After years of being grounded, Steamboat Nordic combined skier takes flight again |

After years of being grounded, Steamboat Nordic combined skier takes flight again

Athlete Erik Lynch jumps the HS75 during the Winter Start competition at Howelsen Hill on Saturday, Dec. 11.
Shelby Reardon/Steamboat Pilot & Today

Right now, winter athletes are striving for the Olympics, National Championships or Junior National Championships. Steamboat Springs skier Erik Lynch is just trying to get back to where he was.

After almost five years of not competing in Nordic combined, Lynch started his comeback. Over the last three years, he’s made huge strides toward his goal of returning to the national team and becoming one of the best Nordic combined athletes in the World.

The 27-year-old is not ready to call it a comeback yet. He doesn’t want to be applauded for simply participating and finishing at the bottom of the pack.

“My goal is not to be like, ‘Oh can I get a spot here, a spot there?’” he said. “My goal is to be competitive with the best in the world. I know what that’s going to take to get to that level, and I’ve got a ton I can do to work on that.”

Still, his return to the sport is admirable.

The setback

In 2011, Lynch was a promising up-and-comer in American Nordic combined, competing on the Continental Cup and qualifying for the Junior World Championships.

Dave Jarrett was the coach for the national team when Lynch was skiing at that level. Jarrett traveled with the World Cup team, but Lynch was on his radar.

“He was young when I was coaching him and certainly had a lot of potential,” Jarrett said.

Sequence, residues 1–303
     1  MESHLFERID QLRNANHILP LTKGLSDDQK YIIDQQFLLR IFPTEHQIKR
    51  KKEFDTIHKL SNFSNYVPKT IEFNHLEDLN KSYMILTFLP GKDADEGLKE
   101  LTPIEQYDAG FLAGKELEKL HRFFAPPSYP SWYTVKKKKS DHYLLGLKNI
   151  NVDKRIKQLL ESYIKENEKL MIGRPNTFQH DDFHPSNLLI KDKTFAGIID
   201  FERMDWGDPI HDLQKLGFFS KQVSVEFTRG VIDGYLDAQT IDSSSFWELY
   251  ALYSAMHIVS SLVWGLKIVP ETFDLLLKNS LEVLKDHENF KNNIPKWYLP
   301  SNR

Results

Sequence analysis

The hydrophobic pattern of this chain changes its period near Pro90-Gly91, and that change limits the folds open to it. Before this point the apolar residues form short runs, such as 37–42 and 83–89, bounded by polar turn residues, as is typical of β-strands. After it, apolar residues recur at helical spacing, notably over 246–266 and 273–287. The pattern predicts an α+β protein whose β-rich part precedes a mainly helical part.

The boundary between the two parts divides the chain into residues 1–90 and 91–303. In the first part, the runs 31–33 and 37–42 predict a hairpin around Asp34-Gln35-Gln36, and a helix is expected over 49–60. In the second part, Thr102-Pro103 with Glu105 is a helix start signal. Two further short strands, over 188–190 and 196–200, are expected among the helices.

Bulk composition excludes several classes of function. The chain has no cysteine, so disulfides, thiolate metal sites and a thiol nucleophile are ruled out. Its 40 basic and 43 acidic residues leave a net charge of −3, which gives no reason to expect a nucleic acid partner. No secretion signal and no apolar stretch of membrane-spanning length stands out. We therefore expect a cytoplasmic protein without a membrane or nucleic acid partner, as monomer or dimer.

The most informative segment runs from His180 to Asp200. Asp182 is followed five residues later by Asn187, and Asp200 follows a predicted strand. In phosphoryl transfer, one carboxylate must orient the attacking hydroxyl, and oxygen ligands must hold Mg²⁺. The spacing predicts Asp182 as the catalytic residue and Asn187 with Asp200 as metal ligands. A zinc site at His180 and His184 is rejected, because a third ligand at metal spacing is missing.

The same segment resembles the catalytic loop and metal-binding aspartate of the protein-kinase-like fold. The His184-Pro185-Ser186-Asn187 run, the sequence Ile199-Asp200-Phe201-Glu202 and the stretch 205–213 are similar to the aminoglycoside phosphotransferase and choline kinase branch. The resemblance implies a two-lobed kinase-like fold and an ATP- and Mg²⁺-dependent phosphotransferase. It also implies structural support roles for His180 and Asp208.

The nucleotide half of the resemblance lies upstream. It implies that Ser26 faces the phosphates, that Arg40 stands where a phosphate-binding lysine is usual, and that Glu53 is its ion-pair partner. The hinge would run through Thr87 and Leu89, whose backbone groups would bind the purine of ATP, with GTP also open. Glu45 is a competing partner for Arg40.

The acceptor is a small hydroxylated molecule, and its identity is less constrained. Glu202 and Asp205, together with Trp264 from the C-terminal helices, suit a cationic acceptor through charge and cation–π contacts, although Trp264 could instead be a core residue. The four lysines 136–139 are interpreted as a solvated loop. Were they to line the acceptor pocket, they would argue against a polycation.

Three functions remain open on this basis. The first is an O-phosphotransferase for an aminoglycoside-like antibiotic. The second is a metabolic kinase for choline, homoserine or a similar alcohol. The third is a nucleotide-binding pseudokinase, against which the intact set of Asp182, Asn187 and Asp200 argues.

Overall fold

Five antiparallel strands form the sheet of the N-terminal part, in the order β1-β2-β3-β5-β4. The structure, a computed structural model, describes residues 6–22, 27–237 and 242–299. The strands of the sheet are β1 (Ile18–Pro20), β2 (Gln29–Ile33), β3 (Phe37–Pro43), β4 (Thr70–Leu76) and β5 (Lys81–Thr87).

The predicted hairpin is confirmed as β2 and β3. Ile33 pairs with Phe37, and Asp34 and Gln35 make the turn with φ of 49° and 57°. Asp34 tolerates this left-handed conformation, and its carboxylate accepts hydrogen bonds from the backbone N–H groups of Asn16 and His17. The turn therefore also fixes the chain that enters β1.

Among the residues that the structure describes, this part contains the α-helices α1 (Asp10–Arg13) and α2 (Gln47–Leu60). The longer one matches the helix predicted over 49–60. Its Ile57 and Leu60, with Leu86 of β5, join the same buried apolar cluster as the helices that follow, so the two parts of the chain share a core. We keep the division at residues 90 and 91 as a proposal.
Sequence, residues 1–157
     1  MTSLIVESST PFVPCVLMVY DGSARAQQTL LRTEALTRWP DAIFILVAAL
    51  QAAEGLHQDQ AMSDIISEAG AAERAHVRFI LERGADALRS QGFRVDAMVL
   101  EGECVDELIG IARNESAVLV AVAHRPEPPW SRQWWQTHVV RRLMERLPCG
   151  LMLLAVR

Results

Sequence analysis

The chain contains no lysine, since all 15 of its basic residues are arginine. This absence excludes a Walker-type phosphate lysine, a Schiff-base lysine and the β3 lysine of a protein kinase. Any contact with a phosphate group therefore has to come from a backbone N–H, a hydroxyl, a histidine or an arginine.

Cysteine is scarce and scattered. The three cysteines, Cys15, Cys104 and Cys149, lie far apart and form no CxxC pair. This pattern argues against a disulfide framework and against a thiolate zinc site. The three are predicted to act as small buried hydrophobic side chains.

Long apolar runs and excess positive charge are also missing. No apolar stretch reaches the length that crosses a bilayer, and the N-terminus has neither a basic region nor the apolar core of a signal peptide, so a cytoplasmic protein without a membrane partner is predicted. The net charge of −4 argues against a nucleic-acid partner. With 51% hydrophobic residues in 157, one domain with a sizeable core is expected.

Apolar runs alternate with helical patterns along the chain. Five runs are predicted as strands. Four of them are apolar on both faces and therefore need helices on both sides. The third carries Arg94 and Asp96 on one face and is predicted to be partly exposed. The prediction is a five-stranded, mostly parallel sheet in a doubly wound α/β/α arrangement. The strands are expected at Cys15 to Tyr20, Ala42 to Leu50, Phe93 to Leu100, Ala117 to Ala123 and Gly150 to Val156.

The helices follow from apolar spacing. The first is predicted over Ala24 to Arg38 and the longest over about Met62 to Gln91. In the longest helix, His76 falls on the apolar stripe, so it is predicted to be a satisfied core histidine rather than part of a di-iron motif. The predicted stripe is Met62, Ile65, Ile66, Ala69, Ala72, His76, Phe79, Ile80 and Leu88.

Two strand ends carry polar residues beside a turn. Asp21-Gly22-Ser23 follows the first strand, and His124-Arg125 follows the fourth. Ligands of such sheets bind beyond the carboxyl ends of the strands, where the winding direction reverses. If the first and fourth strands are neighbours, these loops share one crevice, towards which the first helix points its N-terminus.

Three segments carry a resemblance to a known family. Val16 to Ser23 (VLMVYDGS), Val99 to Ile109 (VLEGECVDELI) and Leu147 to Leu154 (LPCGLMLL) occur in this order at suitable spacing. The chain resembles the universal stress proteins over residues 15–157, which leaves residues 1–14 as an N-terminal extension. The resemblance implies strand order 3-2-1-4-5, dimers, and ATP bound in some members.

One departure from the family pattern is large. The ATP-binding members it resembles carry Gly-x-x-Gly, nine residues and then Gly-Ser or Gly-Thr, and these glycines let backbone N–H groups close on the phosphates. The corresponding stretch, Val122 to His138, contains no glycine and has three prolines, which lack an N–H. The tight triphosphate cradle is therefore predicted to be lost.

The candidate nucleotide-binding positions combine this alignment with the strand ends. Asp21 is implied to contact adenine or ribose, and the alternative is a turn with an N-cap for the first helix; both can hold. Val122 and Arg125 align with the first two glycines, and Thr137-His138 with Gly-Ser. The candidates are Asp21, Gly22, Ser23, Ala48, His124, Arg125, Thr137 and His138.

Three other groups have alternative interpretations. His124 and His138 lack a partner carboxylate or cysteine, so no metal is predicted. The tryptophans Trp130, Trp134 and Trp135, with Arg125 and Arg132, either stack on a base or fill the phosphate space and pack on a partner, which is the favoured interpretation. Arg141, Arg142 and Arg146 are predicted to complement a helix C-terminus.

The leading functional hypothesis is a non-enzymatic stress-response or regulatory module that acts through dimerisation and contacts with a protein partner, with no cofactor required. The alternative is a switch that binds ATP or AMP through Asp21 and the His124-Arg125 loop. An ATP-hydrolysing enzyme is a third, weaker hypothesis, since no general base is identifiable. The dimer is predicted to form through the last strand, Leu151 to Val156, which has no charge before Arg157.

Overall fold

In 2012, Lynch made the national team and qualified for Junior Worlds again. He continued to compete in the Continental Cup in 2013 and once again qualified for Junior Worlds. All the while, he had been dealing with a string of strange, undiagnosed health issues.

“When I was 19, we were trying to figure stuff out throughout the spring and summer months,” he said. “I was still able to come back and qualify for World Juniors, score a few more Continental Cup points, nothing major. After that season wrapped up, the issues were even worse.”

He powered through for a few years, but after the 2014 season, Lynch could no longer compensate for the symptoms and stopped skiing.

“I was like, ‘OK this is like a surgery — you rehab it, you fix it, you rehab it, you come back. Alright, we got to just focus on this until it’s fixed,’’” Lynch said, adding that he thought it would take about six months to recover.

After devoting time to finding out what was ailing him, he was diagnosed with Lyme Disease.

That made so much sense to Lynch. A few years prior, his family had gone on a vacation to Jacksonville, Florida. On a day trip to Cumberland Island in Georgia, Lynch got a tick on his head. No one thought anything of it until the diagnosis.

Upon consideration, Lynch recalled, the symptoms began shortly thereafter. Cumberland Island also has a long history of having ticks that carry Lyme Disease.

The diagnosis allowed Lynch to undergo treatment, which cured him of Lyme Disease.

For almost five years, Lynch underwent what he called full-time treatment and rehab, repairing his body from the effects of Lyme Disease, as well as recovering from injuries. Not once did Lynch think of the setback as career-ending.

“I’ve just loved skiing and skiing is what I’ve always wanted to do, and be an Olympian and compete in World Championships. I’ve wanted to do that since I was 5,” Lynch said. “So, really my ski goals are what got me through that big gap of time and all the medical treatments. I’m going to make it back. I’m going to make it back and keep skiing. Turns out it took me many more years than I was thinking.”

Steamboat Springs’ Erik Lynch launches off of Steamboat's K-68 hill during training in 2010.
John F. Russell/Steamboat Pilot & Today archive

The way back

Despite best efforts from his parents, Nordic combined Olympian Kerry Lynch, and World Cup cross country skier, Chrissy Lynch, Erik got into the niche sport.